Memphis Meats, the startup growing meat in a laboratory, has closed its seed round oversubscribed on $2.75 million after attracting investment from accelerator venture capital firm SOSV, food-focused VC New Crop Capital and a group of angel investors.
The startup differs from other alternative protein companies which are using plant proteins to create alternative meat products that taste and feel like meat; Memphis Meats is growing actual meat tissue through cell renewal technology.
An alumnus of SOSV’s Indie Bio accelerator, which funded the startup until now, Memphis Meats was originally targeting a $1.5 million raise but increased the round on overwhelming demand from investors, according to Uma Valeti, co-founder and CEO of the company.
The startup has already grown meat and has had tasting sessions of meatballs made from its meat. But it is still very much at the research and development stage of its growth after only incorporating at the beginning of 2015. The funding will go towards continued R&D at its new labs in the Bay Area of San Francisco.
AgFunderNews caught up with Valeti this week to hear more about the company’s progression.
How did Memphis Meats come to be formed?
My background is as a cardiologist, but I’ve always been interested in finding meat that’s healthier, safer and better for us humans as well as the environment. Since I was a child, I have been motivated by the idea of eating what you love, but also sustainably, and this led me to medical school. While working as a cardiologist, I started noticing that in medicine we were injecting cells into heart attack patients to generate and repair the heart muscle. So I thought, ‘why can’t we do the same in growing food?’ If cells can grow into human tissue, they should also be able to grow into meat.
I then ran into a group called New Harvest, a non-profit accelerating technology in this space, and I joined the board, where I have served for three years. During that time I met a fair number of other relevant people globally but mainly Nick Genovese, my co-founder, who is a poultry farmer and stem cell biologist, and we formalized the idea. We applied to Indie Bio, and SOSV called us within an hour of our application, and that’s how we started off our adventure in becoming a private company.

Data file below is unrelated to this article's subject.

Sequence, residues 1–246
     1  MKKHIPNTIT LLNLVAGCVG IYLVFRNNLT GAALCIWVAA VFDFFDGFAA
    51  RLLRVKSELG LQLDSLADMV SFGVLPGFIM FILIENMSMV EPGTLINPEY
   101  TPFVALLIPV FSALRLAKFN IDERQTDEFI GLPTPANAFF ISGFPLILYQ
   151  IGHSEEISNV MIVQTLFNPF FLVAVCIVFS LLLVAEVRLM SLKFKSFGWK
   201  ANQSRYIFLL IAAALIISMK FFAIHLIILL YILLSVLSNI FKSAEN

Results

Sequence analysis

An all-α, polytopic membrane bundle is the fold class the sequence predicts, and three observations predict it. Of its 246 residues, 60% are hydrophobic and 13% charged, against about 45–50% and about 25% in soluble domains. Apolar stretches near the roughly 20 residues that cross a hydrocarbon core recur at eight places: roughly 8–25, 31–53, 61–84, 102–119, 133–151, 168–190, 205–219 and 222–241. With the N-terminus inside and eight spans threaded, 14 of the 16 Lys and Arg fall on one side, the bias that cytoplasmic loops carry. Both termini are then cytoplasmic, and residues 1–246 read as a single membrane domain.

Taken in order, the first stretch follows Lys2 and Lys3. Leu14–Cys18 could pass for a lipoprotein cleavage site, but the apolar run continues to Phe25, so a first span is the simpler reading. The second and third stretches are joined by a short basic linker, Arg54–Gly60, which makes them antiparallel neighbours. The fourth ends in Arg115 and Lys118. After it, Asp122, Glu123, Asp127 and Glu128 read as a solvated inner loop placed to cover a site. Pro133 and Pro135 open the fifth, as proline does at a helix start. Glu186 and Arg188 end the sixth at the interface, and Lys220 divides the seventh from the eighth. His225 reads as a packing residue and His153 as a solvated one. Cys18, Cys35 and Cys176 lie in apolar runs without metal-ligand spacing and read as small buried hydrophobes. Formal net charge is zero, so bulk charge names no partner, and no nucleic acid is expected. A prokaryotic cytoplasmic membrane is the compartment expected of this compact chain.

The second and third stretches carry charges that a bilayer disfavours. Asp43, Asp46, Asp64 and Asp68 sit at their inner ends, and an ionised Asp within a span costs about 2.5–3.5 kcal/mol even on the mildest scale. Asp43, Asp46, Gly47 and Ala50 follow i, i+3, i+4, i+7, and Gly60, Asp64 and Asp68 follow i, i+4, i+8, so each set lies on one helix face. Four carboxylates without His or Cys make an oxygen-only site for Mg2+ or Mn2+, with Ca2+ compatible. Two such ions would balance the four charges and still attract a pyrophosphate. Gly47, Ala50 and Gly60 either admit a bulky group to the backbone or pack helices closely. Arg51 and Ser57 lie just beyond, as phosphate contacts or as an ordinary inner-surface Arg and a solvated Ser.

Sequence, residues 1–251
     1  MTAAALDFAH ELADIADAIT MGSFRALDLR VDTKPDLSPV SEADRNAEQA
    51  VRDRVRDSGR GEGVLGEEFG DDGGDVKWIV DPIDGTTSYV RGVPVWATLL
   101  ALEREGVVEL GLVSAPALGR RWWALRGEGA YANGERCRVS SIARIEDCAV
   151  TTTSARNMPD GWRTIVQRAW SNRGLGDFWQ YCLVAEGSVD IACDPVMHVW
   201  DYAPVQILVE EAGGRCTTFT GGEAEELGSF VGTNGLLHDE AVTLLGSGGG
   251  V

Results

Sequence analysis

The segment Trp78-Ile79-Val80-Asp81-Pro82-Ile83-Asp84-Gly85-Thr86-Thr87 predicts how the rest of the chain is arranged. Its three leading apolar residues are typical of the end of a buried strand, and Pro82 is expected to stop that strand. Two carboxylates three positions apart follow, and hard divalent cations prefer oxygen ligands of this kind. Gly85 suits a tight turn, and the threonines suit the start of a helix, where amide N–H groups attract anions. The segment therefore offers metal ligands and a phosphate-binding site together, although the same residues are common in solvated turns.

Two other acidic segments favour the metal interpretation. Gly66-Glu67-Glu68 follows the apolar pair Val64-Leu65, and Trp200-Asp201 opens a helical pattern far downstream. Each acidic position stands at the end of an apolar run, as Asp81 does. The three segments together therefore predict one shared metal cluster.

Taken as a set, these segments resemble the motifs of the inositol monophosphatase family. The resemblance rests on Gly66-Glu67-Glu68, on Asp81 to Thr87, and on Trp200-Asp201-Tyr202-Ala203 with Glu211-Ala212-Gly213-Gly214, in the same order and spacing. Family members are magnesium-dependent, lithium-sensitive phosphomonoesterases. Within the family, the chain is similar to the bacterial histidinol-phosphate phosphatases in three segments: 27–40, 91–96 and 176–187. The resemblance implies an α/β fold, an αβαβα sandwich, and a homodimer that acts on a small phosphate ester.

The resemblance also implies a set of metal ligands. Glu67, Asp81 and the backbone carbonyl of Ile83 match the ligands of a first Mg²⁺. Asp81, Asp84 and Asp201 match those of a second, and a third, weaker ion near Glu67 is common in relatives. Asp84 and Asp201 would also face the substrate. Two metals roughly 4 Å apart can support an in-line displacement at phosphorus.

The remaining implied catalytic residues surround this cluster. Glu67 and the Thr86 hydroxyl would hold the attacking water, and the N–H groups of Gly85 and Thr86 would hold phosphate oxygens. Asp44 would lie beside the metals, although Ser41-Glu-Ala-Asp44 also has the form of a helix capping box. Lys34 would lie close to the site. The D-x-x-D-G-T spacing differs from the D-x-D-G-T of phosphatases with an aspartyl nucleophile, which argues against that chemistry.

How were you funded until raising this seed round?
SOSV funded us as part of their accelerator program.
What’s the timeline for marketing a consumer product?
It’s all a function of funding. We feel like we have the science worked out, so it’s an engineering challenge at this point to meet the demand for our meat. Our goal is to be in the market in three years’ time and in retail in five years, by 2021.
How do you compare with others in the alternative protein space?
Our product is real meat; everything else is a meat analogue. They have a great market presence, and they are definitely opening up another sector that’s great for all of us going forward. We are the first to grow meat, but we expect, and want, others to join us and for information to be shared across this platform. It’s just like when the horse and buggy were replaced by cars; multiple brands stepped up to produce them, and we expect the same thing to happen in our industry.
What is your process?
We identify meat cells that are capable of cell renewal, and we create a nutrient-rich condition to grow in, with the nutrients required for any animal to grow. These include oxygen, minerals and peptides produced with our proprietary cultivation techniques. We need far fewer inputs and resources than are required to grow meat from animals. And that’s why we believe we are much more inherently efficient. Plus we can acquire the cells we need from a living animal; it doesn’t have to be slaughtered.
So what’s with the meat balls?!
We invited a chef from Los Angeles to cook with our meat and gave him creative freedom on what to make with it. He chose to make a meatball; it could have just as easily been a burger or a sausage! So that’s why the media picked up on the meatballs!
Can vegetarians eat your meat?
It depends on why they are vegetarian or vegan. If it’s for ethical reasons and they don’t want to eat meat from animals that have been slaughtered, then yes they could. But there could be other reasons that mean a vegan or vegetarian can’t eat it.
What will be your biggest challenge?
Global demand for meat is doubling, and I have reason to think that demand for our meat will be even higher; that’s our guiding philosophy. Consumers for the first time will have a choice compared to now when they’re eating with their eyes wide shut, and they don’t want to think about the inhumane conditions in which meat is produced. Our process will also have no potential for bacterial contamination and no cruelty. A third of people surveyed by us said they will pay more for natural ingredients, without antibiotics or other contaminants, and we want to explore that effect. We have no reason to be discouraged.
What are your views on cultured meat? Get in touch on [email protected]
Here’s where AI could make the biggest impact in the agrifoodtech sector